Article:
How a Lawsuit About Moldy Washing Machines Could Determine the Future of Class-Action Litigation

The law, lawyers, and the court.
July 26 2013 1:08 PM

The Case of the Moldy Washing Machines

The laundry litigation that could determine the future of class-action lawsuits.

A washing machine and dryer.
The Supreme Court has been making it harder to pursue class-action suits.

Gina Glazer says that the smelly mold started growing in her Whirlpool front-loading washing machine about six months after she bought it. Glazer scrubbed. She left the machine’s door open when she wasn’t using it. The mold wouldn’t go away and neither would the smell. Glazer called Whirlpool to complain.

Oh, and was she ever one of many. The first number in the Case of the Moldy Washing Machines is this one: 23,400. According to the U.S. Court of Appeals for the 6th Circuit, that’s how many calls Whirlpool got about odor and mold in its front-loading machines (which use less water than top-loaders and are sold under the Kenmore brand) over eight years.*

Whirlpool told frustrated customer after customer to leave the doors of their washing machines open when they weren’t in use and to switch cleaning products. The mold still wouldn’t go away. In 2007, the company started selling a special cleaning product, called Affresh, which was supposed to solve the mold problem. And here’s the second astonishing number: $195 million. The 6th Circuit said that’s the top estimate for the revenue Whirlpool expected Affresh to bring in. It’s kind of genius, when you think about it: keep selling washing machines that grow mold, and then make more money by marketing special soap to kill the mold. Except that Affresh didn’t cure the mold, the court said. Whirlpool made design changes that reduced the mold problem, but even Sears, which sold the machines, says the alterations reduced the mold but didn’t eliminate it, according to another federal appeals court. Yet both Whirlpool and Sears continued to sell these washing machines, at the also astonishing number of 200,000 a year. (You might think customer reviews on the Internet would put a stop to this, but don’t forget all the people who buy goods in actual stores without doing research online.)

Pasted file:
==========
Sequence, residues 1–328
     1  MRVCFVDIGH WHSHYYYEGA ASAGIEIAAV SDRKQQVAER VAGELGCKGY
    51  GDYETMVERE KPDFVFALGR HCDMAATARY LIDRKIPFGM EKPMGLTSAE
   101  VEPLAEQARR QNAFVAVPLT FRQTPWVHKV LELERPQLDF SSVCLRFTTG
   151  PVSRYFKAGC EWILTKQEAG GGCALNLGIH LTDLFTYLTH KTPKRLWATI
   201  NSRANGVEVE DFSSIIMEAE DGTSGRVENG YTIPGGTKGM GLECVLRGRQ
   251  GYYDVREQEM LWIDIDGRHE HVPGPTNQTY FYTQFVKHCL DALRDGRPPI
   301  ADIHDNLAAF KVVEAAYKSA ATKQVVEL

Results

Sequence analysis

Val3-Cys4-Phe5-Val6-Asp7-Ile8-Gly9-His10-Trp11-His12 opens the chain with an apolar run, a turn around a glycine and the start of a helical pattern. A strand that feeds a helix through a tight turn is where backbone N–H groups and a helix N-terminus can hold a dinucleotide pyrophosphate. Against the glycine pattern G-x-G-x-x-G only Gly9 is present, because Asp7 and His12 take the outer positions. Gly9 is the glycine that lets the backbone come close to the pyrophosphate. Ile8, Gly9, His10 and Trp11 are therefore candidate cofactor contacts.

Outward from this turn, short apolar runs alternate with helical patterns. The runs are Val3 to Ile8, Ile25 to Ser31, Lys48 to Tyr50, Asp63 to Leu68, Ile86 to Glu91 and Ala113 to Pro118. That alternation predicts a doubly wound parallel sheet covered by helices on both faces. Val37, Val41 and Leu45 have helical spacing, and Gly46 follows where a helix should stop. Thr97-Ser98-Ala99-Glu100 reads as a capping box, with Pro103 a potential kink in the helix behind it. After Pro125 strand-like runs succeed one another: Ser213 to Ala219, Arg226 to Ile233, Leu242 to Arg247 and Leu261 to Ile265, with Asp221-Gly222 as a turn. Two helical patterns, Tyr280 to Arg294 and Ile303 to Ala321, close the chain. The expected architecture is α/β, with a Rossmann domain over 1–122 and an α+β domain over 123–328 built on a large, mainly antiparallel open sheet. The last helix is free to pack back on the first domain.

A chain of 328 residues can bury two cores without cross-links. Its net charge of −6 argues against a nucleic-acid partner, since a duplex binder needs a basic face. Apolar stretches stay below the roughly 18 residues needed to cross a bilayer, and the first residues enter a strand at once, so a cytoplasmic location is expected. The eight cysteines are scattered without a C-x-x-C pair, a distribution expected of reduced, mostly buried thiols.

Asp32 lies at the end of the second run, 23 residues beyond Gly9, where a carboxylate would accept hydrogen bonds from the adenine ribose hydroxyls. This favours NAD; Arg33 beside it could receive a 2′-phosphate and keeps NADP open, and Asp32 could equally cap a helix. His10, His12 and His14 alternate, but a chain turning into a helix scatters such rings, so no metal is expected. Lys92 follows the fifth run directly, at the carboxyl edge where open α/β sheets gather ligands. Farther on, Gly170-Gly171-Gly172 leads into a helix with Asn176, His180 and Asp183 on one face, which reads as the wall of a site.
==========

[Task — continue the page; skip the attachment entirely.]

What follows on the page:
Advertisement

I’m no domestic goddess, but I do most of the laundry in my house, and this is a story that struck fear into my consumer heart. It made me run down to my basement to check the brand of our front-loading washing machine. (Maytag, phew.) It didn’t dismay me in the slightest to learn that Glazer sued, on behalf of herself and tens of thousands of other mold-plagued Whirlpool customers in Ohio, where she lives. Another lawsuit is pending that involves the machines sold by Sears.

Because the moldy washing machine owners are suing in groups, their lawsuits are called class actions. This is the efficient way to go—a couple of mass cases instead of a zillion individual ones. For a problem like a moldy washing machine, where the damages for each person are relatively small, a class action is often the only way to find a plaintiff’s lawyer willing to invest time in the case. After all, however infuriating it would be to find you can’t keep your washing machine clean, you’re not going to die or lose a limb over it.  

The 6th Circuit, in Glazer’s case against Whirlpool, and also the 7th Circuit, in the case against Sears, each ruled that the suits should go forward as class actions. To be clear, these rulings say nothing about who will win—they’re just allowing Glazer and the other disappointed washing machine owners to get into court as a group. But that preliminary decision has made these cases the latest whipping boys of corporate defense lawyers and the U.S. Chamber of Commerce. Both have wildly cheered as over the past few years, the Supreme Court, usually by a 5–4 vote of conservatives vs. liberals, has made it harder and harder to bring a class action. As Yale law professor Judith Resnik puts it, “The rule for class actions, written in 1966, was designed to make it easier to get into court, by banding small-value claims together. But the 2013 Supreme Court is unraveling those bands, piece by piece.”

Defense lawyers and the Chamber of Commerce—the group that is the most successful, hands down, in getting the Supreme Court’s attention—are pushing hard for the Supreme Court to hear the moldy washing machine cases. “The Sears case clearly has defense lawyers rattled,” Forbes writer Daniel Fisher wrote in May. “They’ve mounted an aggressive public relations campaign to get reporters like me to write about it.” Fisher did, along with the Wall Street Journal editorial page (“the Justices should hear a misguided class-action case,” subscription only) and the Washington Times in multiple pieces.